How long can you drive with a slow puncture?

By Julia Freeman

This question could be re-phrased as “how long will it take to wreck my car?”. Correct pressure in your car tyres is essential for your safety, and also protects the tyres, transmission, and fuel economy. Of course, the faster the leak, the bigger the worry.

Quick tyre checks and advice are free at every Protyre garage, so the most sensible way to answer this question is to let our tyre professionals inspect it. Why take a risk?

How slow is slow?

All tyres slowly lose air – in fact, 2psi per month is normal. If one tyre loses more, you have two things to worry about; can you maintain a safe pressure in it and why is it leaking?
 
Accelerated leaking can be caused by potholes, riding the kerb, direct sunshine, rim corrosion, faulty valves, or a hole, but if you cannot rule out structural tyre damage then you should never delay a proper tyre investigation. Structural damage can lead to a blow-out at speed. Always decrease your speed and drive carefully on a tyre you know to be leaking.
 
If you can maintain a safe pressure by pumping up more often, you can carry on driving until you can get it fixed. Don’t be tempted to put extra pressure in because, generally speaking, over-inflation is more dangerous than under-inflation. In particular, it degrades grip and braking. Even on an undamaged tyre, an excess of 3psi is too much. You can risk a little more under-inflation but not much. Contrary to what many people assume, under-inflation makes a blowout more likely, because increased road friction heats the tyre and flexes the weakened rubber.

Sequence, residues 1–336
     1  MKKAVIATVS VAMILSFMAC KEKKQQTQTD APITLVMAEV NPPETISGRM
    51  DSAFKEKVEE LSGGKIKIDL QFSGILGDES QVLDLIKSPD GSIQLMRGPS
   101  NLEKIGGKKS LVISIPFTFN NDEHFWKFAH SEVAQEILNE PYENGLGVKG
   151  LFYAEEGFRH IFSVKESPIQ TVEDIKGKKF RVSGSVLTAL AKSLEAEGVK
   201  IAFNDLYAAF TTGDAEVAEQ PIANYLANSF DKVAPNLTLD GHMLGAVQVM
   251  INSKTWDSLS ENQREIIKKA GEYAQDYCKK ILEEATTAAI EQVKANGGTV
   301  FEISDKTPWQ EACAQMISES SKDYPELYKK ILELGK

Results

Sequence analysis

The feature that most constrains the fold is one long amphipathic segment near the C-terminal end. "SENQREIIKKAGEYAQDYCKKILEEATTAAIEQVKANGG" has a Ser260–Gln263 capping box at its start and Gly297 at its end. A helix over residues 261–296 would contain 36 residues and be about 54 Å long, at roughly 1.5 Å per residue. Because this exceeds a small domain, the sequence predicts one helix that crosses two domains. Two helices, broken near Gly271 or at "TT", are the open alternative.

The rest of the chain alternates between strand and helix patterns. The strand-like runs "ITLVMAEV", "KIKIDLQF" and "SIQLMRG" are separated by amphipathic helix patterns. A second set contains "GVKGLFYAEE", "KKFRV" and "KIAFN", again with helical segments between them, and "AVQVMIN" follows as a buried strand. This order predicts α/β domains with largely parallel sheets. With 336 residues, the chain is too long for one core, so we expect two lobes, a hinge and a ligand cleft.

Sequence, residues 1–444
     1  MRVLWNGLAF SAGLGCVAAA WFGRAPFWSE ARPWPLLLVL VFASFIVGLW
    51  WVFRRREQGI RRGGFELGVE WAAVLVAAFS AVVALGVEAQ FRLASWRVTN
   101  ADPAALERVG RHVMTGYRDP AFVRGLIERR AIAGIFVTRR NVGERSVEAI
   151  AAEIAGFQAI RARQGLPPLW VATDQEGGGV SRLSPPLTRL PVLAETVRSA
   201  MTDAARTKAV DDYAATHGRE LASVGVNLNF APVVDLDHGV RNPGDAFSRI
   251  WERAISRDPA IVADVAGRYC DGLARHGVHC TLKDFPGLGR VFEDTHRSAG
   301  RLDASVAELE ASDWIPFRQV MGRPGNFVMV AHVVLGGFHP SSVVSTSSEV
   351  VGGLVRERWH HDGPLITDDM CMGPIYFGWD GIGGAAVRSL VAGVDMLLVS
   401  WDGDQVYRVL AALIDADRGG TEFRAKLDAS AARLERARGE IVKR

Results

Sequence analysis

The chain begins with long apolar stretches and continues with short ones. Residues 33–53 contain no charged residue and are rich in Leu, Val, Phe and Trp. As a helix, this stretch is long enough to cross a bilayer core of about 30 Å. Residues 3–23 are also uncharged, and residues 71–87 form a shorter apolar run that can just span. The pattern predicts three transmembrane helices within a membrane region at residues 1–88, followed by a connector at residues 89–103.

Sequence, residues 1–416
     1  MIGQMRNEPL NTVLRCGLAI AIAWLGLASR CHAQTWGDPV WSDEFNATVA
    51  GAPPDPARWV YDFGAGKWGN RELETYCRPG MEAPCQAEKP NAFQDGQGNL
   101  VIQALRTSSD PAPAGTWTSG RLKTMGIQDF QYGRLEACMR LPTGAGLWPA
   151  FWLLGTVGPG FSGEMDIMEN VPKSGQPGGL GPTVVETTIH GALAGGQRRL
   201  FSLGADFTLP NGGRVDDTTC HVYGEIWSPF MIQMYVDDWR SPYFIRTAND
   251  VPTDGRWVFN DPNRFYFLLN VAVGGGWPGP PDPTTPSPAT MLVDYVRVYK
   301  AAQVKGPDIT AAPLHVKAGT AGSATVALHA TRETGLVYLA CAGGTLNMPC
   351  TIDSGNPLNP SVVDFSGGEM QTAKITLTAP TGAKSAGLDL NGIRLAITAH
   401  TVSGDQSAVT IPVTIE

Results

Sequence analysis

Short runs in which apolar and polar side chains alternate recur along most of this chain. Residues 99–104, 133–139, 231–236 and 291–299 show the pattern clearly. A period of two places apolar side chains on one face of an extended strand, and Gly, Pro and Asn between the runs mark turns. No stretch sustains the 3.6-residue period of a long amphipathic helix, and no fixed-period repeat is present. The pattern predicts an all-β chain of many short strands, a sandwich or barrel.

If you have TPMS in your car, you will get a warning from your dashboard when your tyre pressure is leaving the safe range. If you don’t, it is best to have your own pressure gauge. Car tyres should be checked cold. When you call into a service station they hardly ever are.

Tyre repair

DIY roadside repair kits sometimes work – if you can find the leak – but they are only intended to help you complete a journey or find a garage. Our tyre professionals can safely restore most car tyres to their normal lifespan. We do not recommend tyre sealants; they don’t provide a safe seal (if any at all), can rot the tyre, and gum up the valve.
 
In a professional repair, the tyre is removed and inspected internally. If structural damage is discovered the tyre cannot legally be repaired, nor can it be refitted. In almost all cases the structural damage has been caused by driving too fast or too far on wrongly inflated tyres.
 
Most run flats can’t be repaired. Pirelli just say no. They tell garages not to repair them because it is too difficult to tell if the motorist kept within the 50 miles under 50mph rule. Continental says the same. Bridgestone is more inclined to take the motorists word for it, and Hankook say it is okay if you kept it above 15psi. However, it is worth noting that repairing a run flat could invalidate your car insurance.

Book with Protyre

This is another good reason for going to a Protyre garage near you. Our wide tyre range of Pirelli, Bridgestone, Michelin and budget tyres will make it easy to find a match for your car and your pocket. With our easy-to-use tyre guide, you can find the right tyres for your car in a few simple clicks – you can either search by your vehicle’s registration, or by tyre size, using the information embossed on the side wall of your existing tyres for help.

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About the author

Article Author Photo
By Julia Freeman
Julia is Head of Retail Marketing for Protyre and loves engaging with customers and the business as a whole to make sure Protyre is more than just a local garage.
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